I've had an exhaustible week, and so I'm going into the weekend rather low-key. On Monday, we'll have some reviews that include the upcoming Ministry covers album being released on April 1. Also, April 2 is my 51st. Add to all that mayhem, March Madness is full swing. I kinda melt away during these times, especially when my team (OSU) is in the thick of it (they ain't this year). But I'm still quite interested. And so, if I'm a little scattered during this brief stretch, you'll certainly know why.

If you're a Joni Mitchell and/or a Herbie Hancock fan, then save April 1 as a concert night. The two will join together in a taped performance of the Yahoo! Nissan Live Set. There are ten songs that will be presented along with an audience Q&A. Click the link here on April 1.

Holy Smokes!! Listen to Daniela Cotton singing "Testify," with its '70s feel of R&B Rock. This link alone is worth the coming here today. Go ahead, treat yourself.

It seems that the hi-res audio arrival on Blu-ray may just be starting. I received a notice that Rob Halford of Judas Priest fame, will reissue his Live album, Live Insurrection (2001) as a Re-Mastered custom-designed Digipak Blu-Ray album that will feature Hi-Def 5.1 Surround Audio. In addition, there will be a 20-page booklet with exclusive liner notes and rare photos, as well as an original Rob Halford autograph. I'm not making this up. I'm writing as I read the release sheet. This will be available on September 23 so you'll have to load this info into your PDA, or phone calendar...or just scratch it on your traditional calendar the old-fashioned way. And there's more...

On May 26, Halford will release a 4-Disc Fight Box Set called Into the Pit. This set will feature Fight's original Halford releases, which will be re-engineered. Those titles include War of Words (1993), Mutations EP (1994), and A Small Deadly Space (1995). Included will be a brand new DVD called Live in Phoenix. Into the Pit will come in a numbered Digipak Edition, with a 24-page book and an original Rob Halford autograph.

Also on September 23, Rob Halford - Live at Rock In Rio III will arrive on DVD in 5.1 Surround. This set will also include Halford's re-mastered Resurrection (2000).

Not bad, huh!?

We do have some news to provide you today so we'll get to that..

Before I forget, I owe all of you an apology. On Wednesday, I had posted the reviewed Simon & Garfunkel live album, Live 1969. What I failed to tell you was that the album will only be available via Starbucks before being released to stores much later in the year. I have a link posted, which I'll remove to avoid any further confusion. I heartily recommend the disc but you'll have to grab a copy at your local Starbucks. Sorry for the inconvenience.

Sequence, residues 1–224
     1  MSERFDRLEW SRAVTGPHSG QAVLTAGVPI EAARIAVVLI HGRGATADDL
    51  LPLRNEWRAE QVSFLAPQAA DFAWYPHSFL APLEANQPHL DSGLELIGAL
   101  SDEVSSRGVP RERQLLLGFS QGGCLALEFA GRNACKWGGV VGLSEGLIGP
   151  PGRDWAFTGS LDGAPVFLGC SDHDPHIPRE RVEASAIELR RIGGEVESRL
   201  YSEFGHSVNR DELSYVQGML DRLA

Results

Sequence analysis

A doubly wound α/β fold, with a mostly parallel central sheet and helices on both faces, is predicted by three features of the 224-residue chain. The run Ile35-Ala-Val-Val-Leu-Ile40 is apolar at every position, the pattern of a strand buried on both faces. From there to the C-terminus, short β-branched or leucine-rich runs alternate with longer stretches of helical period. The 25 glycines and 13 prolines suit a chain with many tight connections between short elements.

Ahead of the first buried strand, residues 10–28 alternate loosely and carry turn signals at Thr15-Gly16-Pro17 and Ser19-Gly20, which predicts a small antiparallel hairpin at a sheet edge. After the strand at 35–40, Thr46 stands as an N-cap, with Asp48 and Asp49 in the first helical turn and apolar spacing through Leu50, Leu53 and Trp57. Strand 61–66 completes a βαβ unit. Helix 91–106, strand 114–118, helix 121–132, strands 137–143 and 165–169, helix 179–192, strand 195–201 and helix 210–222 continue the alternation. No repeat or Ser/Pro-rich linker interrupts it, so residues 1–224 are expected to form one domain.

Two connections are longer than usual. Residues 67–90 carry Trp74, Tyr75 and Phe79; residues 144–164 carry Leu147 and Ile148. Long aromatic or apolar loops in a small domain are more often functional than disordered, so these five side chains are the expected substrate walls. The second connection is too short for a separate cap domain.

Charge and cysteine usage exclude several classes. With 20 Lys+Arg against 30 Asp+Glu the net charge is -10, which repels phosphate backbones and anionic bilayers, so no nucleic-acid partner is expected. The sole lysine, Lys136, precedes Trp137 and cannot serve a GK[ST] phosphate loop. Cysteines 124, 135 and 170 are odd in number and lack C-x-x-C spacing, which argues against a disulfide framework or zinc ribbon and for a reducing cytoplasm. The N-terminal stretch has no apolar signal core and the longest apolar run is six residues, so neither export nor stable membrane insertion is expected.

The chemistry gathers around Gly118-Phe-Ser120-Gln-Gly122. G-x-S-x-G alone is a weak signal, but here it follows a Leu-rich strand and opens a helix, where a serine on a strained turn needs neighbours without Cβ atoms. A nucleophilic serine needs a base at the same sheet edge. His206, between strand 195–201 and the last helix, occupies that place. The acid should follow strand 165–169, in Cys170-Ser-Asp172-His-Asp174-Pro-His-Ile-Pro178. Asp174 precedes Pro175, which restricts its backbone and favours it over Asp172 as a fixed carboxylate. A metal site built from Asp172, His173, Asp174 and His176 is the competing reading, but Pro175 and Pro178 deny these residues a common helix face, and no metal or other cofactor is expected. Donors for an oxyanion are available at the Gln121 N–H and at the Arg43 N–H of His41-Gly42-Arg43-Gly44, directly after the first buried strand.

There is NOT a new entry in The Guitar Diaries [March 28].


I learned the basic chords to - and can play - "Sweet Jane." I'm kinda proud of myself.

Please send all of your words of encouragement, suggestions, contributions, and derision to The Guitar Diaries.


Atlantic Records plan a 2CD version of Snakes & Arrows Live by Rush, scheduling the set for April 15.

Nonesuch Records will release Tooth of Crime by T-Bone Burnett, with a scheduled date of May 6.

The Blu-ray DVD version of Motley Crue: Carnival of Sins from Motley Crue is expected on April 29.  Time to update.

Road Runner Records will release River Runs Red (Top Shelf Reissue) with a CD/DVD configuration.  This title by Life of Agony will release on April 29.

Liberty Records will release a ‘best of’ for Dierks Bentley called Greatest Hit: Every Mile a Memory.  This is planned for May 5.

If you’re a Beegie Adair fan, then watch for a blast of reissued titles that encompass a large part of her catalogue.  The titles coming on May 13 are Cheek to Cheek (2006); Dream Dancing – Songs of Cole Porter (2001); Embraceable You (2004); The Frank Sinatra Collection – A Musical Tribute (1997); I’ll Take Romance (2002); In a Sentimental Mood; Love, Elvis; My Romance (2006); The Nat King Cole Collection: A Musical Tribute (2003); The Nearness of You (2005); and The Way You Look Tonight – The Romantic Songs of Jerome Kern (2004).  These are planned for May 13.

Be quick on the draw as there will be a short run of a 2LP set of Volta (2007) by Bjork.  This is planned for release on May 13.  If you want one of these, don’t dawdle as there is only 100 copies being pressed.

Fans of the NOW series titles can mark June 3 as the new date for the Various Artists collection, NOW 28.  There will also be a NOW Classic Rock collection introduced on the same date.

The expected date for Live in Santa Monica ’72, a live David Bowie disc, has been changed from original date of May 27 to the new date of June 10.

And in case you missed it, Capitol Records will release The US Singles for The Beach Boys, planning the date of release for June 10.  This is also the date for the Al Green ‘best of’ called Greatest Grooves.

In addition, there are The Best of titles for Ziggy Marley, Priest Maxi, Shaggy, Peter Tosh, and UB40 coming, all scheduled for June 10.

Capitol Records has Viva La Vida by Coldplay scheduled for June 17.  Fans should mark their calendars or load their phone calendars.

Early for Christmas?  Maybe.  But, as a heads up, Anne Murray fans should know that there is a Christmas album in the works, which is planned for release on September 30.

Aranda will release their self-titled album, Aranda from Astonish Records on April 22. You can hear the band at their MySpace page. And you should give it a shot.

The Carrion Sky is the debut release of UK's metal band, My Mind's Weapon. This is planned for release by Basick Records on June 9.



March 26, 2008

The latest issue of Rolling Stone (RS 1049, April 3, 2008) has an article (Wal-Mart Demands CD-Price Cut, Pg 16) concerning Wal-Mart’s alleged demand to the record labels that prices of CDs MUST come down to at or near the $10 range.  Fascinating.  Imagine prices dropping back down to near ‘70s levels.  I fear that if anything, a cave-in to that demand will push the labels further to the brink of digital distribution as a main business.  In addition, this will likely reduce further the amount of releasable CDs to just only good bets for the big return.